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Re: [IPk] RE: A big MOAN

I think I understand this attitude, but .... as professionals, I expect
them to keep up to the level where they can look at a patient and say
'A) their control isn't good (either in terms of hba1c or quality of
B) I've tried every trick in my book
C) I know sod all about pumps, but some folk are saying that they can
solve problems that other treatments can't

I'm not saying they then have to authorise a pump, or supervise its use
- just that they should know enough to say 'I don't know enough', and
refer the patient on.  

I agree with the others who have commented that the pump consultant has
very little to do.  Indeed, I think that most pumpers do not need to see
their consultant on a regular basis.  Instead, the bloodwork and
circulatory tests should be done quarterly at the GP practice, which
should alert the hospital should anything be abnormal.  

Specialist pump nurses should see a patient three or four times (to go
on saline, to go on insulin, and once or twice after) to induct a
patient, and 24/7 cover should be available from the pump nurse team,
for emergencies.  There should also be specialist dieticians and
statisticians who could be consulted (probably via email or phone,
rather than in person).  Both specialist nurses and a small number of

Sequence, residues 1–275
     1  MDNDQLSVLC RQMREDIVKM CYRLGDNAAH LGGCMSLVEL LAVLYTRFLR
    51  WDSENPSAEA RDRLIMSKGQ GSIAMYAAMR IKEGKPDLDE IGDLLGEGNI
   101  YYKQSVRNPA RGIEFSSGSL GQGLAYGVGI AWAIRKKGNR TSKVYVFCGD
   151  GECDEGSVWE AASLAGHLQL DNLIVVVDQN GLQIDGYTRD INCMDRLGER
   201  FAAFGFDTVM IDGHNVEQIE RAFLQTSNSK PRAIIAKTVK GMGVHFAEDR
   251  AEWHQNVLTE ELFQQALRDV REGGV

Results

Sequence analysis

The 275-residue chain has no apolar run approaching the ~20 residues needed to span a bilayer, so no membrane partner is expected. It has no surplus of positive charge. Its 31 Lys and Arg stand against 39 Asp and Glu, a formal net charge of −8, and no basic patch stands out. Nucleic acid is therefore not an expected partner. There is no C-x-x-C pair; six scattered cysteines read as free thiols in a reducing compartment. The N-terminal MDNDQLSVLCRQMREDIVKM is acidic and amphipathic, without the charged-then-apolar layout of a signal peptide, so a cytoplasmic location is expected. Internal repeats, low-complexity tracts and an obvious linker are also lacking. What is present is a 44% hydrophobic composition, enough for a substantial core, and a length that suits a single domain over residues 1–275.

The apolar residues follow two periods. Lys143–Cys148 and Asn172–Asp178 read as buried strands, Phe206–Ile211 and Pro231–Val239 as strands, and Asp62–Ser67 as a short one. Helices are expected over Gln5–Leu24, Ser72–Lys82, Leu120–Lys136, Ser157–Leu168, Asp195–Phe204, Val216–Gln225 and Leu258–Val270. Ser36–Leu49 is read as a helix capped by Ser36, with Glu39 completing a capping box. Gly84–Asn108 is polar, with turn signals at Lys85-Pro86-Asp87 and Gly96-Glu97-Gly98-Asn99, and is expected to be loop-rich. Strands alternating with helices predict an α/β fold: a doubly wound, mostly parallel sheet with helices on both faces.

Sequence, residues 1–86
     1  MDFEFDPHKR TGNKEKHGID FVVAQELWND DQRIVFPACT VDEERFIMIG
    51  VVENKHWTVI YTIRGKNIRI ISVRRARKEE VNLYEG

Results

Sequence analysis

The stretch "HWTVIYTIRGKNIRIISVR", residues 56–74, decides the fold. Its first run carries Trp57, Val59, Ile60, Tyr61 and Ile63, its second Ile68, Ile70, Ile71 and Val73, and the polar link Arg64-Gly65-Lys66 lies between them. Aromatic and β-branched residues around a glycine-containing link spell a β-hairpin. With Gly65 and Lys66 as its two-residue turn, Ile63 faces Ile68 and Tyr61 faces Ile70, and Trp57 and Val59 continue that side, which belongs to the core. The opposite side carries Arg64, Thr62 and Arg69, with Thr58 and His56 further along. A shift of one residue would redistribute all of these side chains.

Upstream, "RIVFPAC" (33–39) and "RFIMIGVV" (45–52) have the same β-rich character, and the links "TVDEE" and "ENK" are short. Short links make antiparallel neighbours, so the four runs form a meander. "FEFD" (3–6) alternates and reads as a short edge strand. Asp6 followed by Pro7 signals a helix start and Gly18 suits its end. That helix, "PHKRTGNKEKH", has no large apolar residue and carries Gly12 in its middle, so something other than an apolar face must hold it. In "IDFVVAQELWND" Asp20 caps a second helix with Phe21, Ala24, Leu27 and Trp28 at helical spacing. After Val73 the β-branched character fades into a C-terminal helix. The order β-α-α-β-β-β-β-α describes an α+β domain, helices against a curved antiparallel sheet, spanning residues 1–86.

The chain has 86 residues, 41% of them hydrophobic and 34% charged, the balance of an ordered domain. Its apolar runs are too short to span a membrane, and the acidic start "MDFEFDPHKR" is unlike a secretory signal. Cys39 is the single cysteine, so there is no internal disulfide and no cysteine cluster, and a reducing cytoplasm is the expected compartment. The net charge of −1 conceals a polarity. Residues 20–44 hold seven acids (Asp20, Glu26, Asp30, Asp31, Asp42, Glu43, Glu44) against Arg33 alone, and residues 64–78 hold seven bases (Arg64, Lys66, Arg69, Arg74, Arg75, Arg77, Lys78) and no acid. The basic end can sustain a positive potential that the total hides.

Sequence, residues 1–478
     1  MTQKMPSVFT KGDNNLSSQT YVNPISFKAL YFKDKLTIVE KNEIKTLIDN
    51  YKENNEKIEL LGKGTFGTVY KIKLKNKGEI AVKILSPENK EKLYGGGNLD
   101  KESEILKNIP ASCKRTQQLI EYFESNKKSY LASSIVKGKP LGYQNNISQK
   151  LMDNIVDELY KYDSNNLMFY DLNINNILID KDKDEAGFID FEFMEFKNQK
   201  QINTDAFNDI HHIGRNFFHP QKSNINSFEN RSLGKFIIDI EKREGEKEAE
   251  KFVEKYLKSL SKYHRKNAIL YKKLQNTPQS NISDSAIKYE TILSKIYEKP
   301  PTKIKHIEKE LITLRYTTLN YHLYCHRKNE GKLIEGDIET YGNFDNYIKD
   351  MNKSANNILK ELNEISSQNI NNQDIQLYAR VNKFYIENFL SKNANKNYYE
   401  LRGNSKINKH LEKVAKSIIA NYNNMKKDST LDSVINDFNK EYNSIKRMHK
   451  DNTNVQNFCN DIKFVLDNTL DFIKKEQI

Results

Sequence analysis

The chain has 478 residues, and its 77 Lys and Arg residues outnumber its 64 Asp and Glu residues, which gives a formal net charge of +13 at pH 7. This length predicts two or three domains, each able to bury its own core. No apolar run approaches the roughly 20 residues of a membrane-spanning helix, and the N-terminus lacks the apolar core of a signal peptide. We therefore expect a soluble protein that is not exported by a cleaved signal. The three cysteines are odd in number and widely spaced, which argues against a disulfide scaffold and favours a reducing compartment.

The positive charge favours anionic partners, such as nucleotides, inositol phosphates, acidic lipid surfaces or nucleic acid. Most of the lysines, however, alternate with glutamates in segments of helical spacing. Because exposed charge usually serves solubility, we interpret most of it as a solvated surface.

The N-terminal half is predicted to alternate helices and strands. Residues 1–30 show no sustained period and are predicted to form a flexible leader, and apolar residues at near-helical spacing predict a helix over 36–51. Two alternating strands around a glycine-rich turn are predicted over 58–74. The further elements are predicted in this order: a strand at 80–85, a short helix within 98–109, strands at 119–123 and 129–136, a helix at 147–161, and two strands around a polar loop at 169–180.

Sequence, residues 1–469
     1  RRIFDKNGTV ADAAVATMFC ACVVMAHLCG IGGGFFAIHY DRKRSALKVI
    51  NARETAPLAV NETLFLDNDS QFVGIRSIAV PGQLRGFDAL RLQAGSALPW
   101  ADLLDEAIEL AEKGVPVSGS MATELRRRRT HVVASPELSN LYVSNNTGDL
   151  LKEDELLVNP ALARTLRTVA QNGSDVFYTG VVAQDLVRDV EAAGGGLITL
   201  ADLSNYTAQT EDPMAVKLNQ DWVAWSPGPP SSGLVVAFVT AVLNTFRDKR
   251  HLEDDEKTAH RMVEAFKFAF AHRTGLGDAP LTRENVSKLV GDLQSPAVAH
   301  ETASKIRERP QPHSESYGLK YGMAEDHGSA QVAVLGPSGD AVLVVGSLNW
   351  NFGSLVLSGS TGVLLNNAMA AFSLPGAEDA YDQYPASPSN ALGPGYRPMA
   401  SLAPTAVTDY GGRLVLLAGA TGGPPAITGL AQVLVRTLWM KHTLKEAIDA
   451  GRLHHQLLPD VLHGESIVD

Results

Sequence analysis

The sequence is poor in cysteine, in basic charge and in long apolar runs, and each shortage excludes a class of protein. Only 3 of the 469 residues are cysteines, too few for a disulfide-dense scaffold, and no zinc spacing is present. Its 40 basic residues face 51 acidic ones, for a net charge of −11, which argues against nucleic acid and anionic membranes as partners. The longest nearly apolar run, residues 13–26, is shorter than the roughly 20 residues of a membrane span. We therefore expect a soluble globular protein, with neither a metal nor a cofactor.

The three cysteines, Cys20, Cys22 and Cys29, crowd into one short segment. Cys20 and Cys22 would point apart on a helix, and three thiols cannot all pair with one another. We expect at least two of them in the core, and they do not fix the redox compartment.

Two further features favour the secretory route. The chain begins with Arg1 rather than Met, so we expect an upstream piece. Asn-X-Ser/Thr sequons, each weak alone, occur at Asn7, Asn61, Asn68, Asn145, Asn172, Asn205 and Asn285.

specialist consultants should, of course, be available for 'on demand'
appointments, phone calls and emails - which would mostly, I think, be
for advice on special circumstances such as pregnancy, etc.  They would
also be available to GPs and to other specialists treating the diabetic,
who want to know how the pump should be used during their treatments.

I am next due to see Dr. Pickup on 1st September, when I've just about
decided to be in Italy - perhaps I should suggest that he should simply
ask my GP for the blood work, and decide for himself, on the basis of
that, whether or not he can say anything of use to me?

Best wishes to all,


In message <email @ redacted>, Diana Maynard
<email @ redacted> writes
>I think from the consultants' point of view, a lot of them are scared to 
>look after people on pumps because they feel they don't have sufficient 
>knowledge, which is understandable. They have to take time to learn 
>about pumps, and many of them would rather not have to. Can you imagine 
>if they gave you some bad advice about doses or something and something 
>terrible happened? They don't want to take that risk. Of course, I don't 
>  condone this attitude, but I think it helps if you can see where it's 
>coming from. I think that's the reason a lot of consultants won't 
>recommend pumps for people, because they themselves are worried they 
>don't have the knowledge.  I know that doesn't help much though!
>for HELP or to subscribe/unsubscribe, contact:

Pat Reynolds
email @ redacted
   "It might look a bit messy now, 
                    but just you come back in 500 years time" 
   (T. Pratchett)
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